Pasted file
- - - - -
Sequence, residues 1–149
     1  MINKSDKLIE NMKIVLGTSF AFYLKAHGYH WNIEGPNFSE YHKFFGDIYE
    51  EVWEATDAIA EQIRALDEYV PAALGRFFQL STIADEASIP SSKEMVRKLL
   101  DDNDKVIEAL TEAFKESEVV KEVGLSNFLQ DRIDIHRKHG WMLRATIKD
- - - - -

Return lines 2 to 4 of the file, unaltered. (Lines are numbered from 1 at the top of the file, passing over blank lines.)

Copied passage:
     1  MINKSDKLIE NMKIVLGTSF AFYLKAHGYH WNIEGPNFSE YHKFFGDIYE
    51  EVWEATDAIA EQIRALDEYV PAALGRFFQL STIADEASIP SSKEMVRKLL
   101  DDNDKVIEAL TEAFKESEVV KEVGLSNFLQ DRIDIHRKHG WMLRATIKD